we are created for a purpose

There is an almost surreal quality to the pablum complaint heard in recent days, first voiced as “black lives matter,” only to subsequently be summarily transformed to garner broader appeal as “all lives matter.” What is of consequence here is not the verisimilitude of such a glib declaration but much more importantly the contradictory attitude of those who have so loudly and stridently voiced it.

What's a life worth?

What’s a life worth?

The prevailing philosophical sentiment, self-professed by those who profess to understand such things, follows the existential prescription that human beings, through their own consciousness, create their own values and determine precisely what brings meaning to their life. It is Cogito ergo sum (I think therefore I am) run amok, and thus everyone for themselves. It is, in all essential aspects, the new sovereign religion of me.

“Man, accepted public principle now tells us, is not a created or ultimately even a social being. Nor is he a composite of body and soul with a nature that reflects natural functions and goals. He is pure subjectivity, a Cartesian ego not tied to any role or quality. This sovereign independence, now seen as the basis of our unique dignity as human beings, requires that the ego be able freely to choose his values and connections, unhindered by any natural or social limits.

For that reason he has to be free to treat the world outside the ego as raw material for his purposes. That world includes his body, which has no intrinsic meaning or proper use. Indeed, it especially includes his body, because it is uniquely his and not shared with others, so it is no violation of justice for him to make it entirely his own to do with as he wishes.”[1]

Perhaps no bleaker specimen of this conceit presents itself than the brutal group assault of an inebriated college student surrounded by and largely ignored by hundreds of others over a recent spring break on a Florida beach. The callous disregard for the dignity and intrinsic value of another human life is a public avowal made with cold indifference that “no life matters” and a direct repudiation of the polemic that “all lives matter.”

The intrinsic value of human life cannot be determined by the idiocentric subjective calculations of another human being for no one holds the necessary qualifications to conduct such a judgment on another. The inherent fallacy in which all advocates of the holy “me” fall prey is the essential belief in the nothingness of man. If man is but a subjective whim, a figment of imagination, then he can be of no value and has no valid reason to exist.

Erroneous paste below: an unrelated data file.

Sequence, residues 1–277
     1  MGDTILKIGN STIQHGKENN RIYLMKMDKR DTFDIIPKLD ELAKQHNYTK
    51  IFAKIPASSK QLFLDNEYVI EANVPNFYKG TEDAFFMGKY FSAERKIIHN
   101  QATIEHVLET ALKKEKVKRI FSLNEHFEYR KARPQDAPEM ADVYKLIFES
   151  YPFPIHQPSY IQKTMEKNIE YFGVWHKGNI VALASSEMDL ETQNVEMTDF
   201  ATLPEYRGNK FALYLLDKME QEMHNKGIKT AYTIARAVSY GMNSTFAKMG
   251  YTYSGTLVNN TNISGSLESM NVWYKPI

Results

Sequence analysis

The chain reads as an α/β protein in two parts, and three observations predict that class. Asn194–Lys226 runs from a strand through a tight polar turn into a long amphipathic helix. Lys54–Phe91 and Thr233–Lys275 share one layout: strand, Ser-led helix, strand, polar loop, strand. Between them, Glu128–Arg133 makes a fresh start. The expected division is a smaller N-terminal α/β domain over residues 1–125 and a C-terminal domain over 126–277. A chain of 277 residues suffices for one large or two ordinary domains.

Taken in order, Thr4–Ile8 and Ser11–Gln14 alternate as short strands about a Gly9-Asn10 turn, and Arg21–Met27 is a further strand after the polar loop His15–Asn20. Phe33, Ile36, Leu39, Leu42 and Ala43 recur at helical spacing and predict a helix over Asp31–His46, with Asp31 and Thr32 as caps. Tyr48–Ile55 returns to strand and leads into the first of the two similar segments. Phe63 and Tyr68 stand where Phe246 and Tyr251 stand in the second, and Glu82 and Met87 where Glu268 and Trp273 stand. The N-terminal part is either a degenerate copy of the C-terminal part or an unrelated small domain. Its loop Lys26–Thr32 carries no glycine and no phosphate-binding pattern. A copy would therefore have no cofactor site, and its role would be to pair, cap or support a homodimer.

It is through God alone that life holds meaning for God created us for a purpose and that purpose grants to each of us immeasurable value, value which cannot be diminished by anyone but the One who gave us life. Since God holds an inestimable value upon every soul we have no power or right to reevaluate another’s value as determined by our creator. All lives matter because all lives are creations of God and the sooner we return to God the sooner we will recognize the value of every life.


[1] James Kalb, Sex and the Religion of Me, First Things, December 2014.

About the author: Deacon Chuck

Deacon Chuck was ordained into the permanent diaconate on September 17, 2011, in the ministry of service to the Diocese of Reno and assigned to St. Albert the Great Catholic Community. He currently serves as the parish bulletin editor and website administrator. Deacon Chuck continues to serve the parish of Saint Albert the Great Catholic Community of the Diocese of Reno, Nevada. He is the Director of Adult Faith Formation and Homebound Ministries for the parish, conducts frequent adult faith formation workshops, and is a regular homilist. He currently serves as the bulletin editor for the parish bulletin. He writes a weekly column intended to encompass a broad landscape of thoughts and ideas on matters of theology, faith, morals, teachings of the magisterium and the Catholic Church; they are meant to illuminate, illustrate, and catechize the readers and now number more than 230 articles. His latest endeavor is "Colloqui: A journal for restless minds", a weekly journal of about 8 pages similar in content to bulletin reflections. All his reflections, homilies, commentaries, and Colloqui are posted and can be found on his website: http://deaconscorner.org. Comments are always welcome and appreciated. He is the author of two books: "The Voices of God: hearing God in the silence" which offers the reader insights into how to hear God’s voice through all of the noise that surrounds us; and "Echoes of Love: Effervescent Memories" which through a combination of prose and verse provides the reader with a wonderful journey on the way to discovering forever love. He regularly speaks to groups of all ages and size and would welcome the opportunity to speak to your group.

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